On March 12, 2009, Bernie Madoff pled guilty to the largest Ponzi scheme in history. He successfully swindled investors out of $65 billion. Although many Wall Street experts revered Madoff as a genius, many financial professionals were not surprised to learn that he was one of the biggest crooks they had ever come across. Some people were afraid they’d be ostracized if they spoke out against Madoff, and they simply kept quiet about their concerns about his investment portfolio and earnings.
Unfortunately, Ponzi schemes are fairly common, but this one was one of a kind. Most Ponzi schemes operate on a very small scale, but Madoff was clearly a big thinker who caused major damage.
Background on Ponzi Schemes
Ponzi schemes are fairly complex, even when they operate on a small scale. Unlike pyramid schemes, in which victims unknowingly rope in more targets, Ponzi schemes rely on a single person or group to coordinate every aspect of the fraud. To keep the scam going, the masterminds behind the plan convince numerous victims that they’re investing in a legitimate fund that promises great returns. Then the scam artists take money from new “investors” and use it to pay off existing investors. But for the scam to truly work to everyone’s benefit, the orchestrators would need access to an infinite supply of new victims.
Sooner or later, the pool of new participants runs out and funds dry up. Sometimes, this trouble starts earlier than the Ponzi schemers expected because of outside factors like sudden changes in the economy. When the scheme starts running low on victims, it starts to fall apart and investors lose everything they put into it. Often, the person behind the scheme vanishes before anyone figures it out, since if they’re caught they’ll face the impossible situation of needing to return all of the lost money to all of the participants. While the government may help pay restitution, victims will have trouble recovering everything they lost.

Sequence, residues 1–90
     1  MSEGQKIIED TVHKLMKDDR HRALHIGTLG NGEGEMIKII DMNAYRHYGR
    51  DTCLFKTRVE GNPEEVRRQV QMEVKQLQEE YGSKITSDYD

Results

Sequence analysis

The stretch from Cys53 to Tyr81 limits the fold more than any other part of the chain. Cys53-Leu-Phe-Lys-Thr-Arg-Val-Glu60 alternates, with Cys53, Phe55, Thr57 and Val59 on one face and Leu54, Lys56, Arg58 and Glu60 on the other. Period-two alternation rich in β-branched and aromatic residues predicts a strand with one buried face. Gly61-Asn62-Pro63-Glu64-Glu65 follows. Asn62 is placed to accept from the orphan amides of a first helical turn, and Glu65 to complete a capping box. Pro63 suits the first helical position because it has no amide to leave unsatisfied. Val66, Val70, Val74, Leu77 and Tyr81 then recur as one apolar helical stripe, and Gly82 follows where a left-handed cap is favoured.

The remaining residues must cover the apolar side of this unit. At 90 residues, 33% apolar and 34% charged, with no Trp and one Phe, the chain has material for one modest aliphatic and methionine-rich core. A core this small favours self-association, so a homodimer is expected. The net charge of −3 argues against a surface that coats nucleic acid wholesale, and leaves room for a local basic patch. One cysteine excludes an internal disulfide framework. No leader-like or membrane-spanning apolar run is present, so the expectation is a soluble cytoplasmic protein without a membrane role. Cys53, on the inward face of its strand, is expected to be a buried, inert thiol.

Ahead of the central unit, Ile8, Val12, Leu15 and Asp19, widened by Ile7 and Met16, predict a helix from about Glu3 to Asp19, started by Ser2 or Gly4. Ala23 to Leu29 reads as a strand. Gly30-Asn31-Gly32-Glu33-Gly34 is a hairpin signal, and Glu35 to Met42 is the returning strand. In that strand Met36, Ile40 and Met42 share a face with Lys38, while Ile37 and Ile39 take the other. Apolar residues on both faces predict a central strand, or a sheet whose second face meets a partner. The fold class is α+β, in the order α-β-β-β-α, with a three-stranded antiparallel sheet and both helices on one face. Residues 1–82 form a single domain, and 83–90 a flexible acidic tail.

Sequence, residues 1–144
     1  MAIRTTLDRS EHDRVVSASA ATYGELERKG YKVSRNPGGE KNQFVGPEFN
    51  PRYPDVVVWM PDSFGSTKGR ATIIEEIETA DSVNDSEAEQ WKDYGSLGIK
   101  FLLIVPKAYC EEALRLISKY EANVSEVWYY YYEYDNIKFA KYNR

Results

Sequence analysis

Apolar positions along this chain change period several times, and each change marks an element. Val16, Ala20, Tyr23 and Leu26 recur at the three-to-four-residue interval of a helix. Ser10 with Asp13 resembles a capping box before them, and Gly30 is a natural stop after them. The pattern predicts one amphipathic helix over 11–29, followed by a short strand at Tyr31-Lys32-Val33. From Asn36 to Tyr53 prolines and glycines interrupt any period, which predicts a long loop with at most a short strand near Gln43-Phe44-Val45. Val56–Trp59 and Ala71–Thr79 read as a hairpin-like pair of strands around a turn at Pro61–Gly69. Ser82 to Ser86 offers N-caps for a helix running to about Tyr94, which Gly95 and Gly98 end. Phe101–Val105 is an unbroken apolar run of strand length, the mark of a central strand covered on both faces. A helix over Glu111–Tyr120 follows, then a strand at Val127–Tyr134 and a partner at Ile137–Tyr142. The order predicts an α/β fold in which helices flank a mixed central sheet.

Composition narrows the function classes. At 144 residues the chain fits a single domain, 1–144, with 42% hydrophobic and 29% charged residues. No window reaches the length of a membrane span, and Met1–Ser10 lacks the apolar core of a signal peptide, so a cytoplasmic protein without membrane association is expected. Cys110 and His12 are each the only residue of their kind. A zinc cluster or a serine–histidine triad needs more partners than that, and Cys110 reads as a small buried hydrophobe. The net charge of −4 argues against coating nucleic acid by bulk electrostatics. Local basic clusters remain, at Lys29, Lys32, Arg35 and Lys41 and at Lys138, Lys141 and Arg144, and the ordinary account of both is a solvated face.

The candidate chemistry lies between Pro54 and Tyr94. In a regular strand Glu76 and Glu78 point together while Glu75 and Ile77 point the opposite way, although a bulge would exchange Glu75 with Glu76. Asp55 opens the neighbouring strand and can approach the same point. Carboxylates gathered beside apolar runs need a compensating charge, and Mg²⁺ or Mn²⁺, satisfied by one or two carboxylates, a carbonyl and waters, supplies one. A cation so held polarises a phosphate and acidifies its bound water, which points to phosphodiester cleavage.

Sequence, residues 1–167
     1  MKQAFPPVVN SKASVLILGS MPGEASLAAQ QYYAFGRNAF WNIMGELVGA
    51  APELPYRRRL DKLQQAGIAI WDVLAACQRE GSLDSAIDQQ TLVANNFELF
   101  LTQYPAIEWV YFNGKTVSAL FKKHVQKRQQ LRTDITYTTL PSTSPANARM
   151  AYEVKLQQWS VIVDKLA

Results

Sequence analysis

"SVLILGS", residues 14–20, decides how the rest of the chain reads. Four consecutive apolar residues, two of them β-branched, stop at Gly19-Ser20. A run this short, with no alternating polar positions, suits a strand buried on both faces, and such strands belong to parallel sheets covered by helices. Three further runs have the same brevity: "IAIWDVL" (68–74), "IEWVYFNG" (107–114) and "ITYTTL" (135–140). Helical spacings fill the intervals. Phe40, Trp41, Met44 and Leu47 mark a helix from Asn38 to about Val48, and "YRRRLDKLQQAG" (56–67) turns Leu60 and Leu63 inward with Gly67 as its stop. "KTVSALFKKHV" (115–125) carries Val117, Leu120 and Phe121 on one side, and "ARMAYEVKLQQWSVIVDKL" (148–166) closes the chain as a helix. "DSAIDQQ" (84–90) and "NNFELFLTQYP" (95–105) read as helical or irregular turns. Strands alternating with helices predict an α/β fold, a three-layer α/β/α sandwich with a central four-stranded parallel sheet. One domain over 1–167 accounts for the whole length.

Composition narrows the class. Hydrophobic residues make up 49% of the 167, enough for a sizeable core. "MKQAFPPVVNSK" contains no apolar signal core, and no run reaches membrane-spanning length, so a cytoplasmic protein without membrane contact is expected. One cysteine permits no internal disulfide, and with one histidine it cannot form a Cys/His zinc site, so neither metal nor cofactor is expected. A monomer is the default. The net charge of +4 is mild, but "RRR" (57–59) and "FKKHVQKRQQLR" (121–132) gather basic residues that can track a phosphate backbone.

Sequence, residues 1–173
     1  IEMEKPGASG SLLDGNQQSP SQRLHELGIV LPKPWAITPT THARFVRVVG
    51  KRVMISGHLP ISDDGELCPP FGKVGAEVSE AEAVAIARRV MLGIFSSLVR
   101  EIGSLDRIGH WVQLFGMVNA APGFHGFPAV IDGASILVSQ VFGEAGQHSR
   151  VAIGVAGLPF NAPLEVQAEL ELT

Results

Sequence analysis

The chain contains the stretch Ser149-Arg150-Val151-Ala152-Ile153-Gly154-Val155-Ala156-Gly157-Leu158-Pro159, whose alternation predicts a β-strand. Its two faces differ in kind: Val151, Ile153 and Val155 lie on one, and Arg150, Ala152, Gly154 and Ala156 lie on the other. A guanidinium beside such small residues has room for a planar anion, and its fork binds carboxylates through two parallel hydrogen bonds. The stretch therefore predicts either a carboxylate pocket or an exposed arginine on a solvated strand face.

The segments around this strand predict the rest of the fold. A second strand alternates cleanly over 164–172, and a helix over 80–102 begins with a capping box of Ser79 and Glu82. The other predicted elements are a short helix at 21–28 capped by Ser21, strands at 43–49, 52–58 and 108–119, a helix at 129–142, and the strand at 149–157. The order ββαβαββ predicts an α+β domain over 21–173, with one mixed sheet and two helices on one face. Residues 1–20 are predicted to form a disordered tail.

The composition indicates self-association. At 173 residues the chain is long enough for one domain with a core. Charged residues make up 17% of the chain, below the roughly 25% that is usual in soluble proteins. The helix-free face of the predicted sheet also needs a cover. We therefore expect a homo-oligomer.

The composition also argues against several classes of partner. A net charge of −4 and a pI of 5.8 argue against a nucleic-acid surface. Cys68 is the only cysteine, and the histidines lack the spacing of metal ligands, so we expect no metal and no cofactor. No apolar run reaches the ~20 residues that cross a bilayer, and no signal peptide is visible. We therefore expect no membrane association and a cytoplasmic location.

How Madoff Stole from Thousands of Investors
Madoff set up his portfolios to look like he was matching the returns of the S&P 500. This strategy prevented him from needing to pay too much to existing investors, but it still made his purported holdings appeal to new targets. And he remained under the radar by doing everything he could to keep his scheme low key. He targeted specific, elite groups of investors, keeping his victims close and the SEC off his back. He also stayed off the grid by keeping his paperwork up to date and consistent. While most other Ponzi schemes operate by giving out large returns and then collapsing, Madoff was able to tread water with his smaller returns and keep his scam going for years.
Madoff did very little to arouse suspicion among his victims. As investors, they believed they could withdraw their money almost immediately, so they had no reason to think anything was wrong. Some analysts, however, felt that something was off when they tried to replicate his performance. Tracking the funds, one of them argued to the SEC that his firm couldn’t possibly have boasted the returns Madoff claimed. The SEC ignored these claims, even though Bernard Madoff Securities had already been investigated.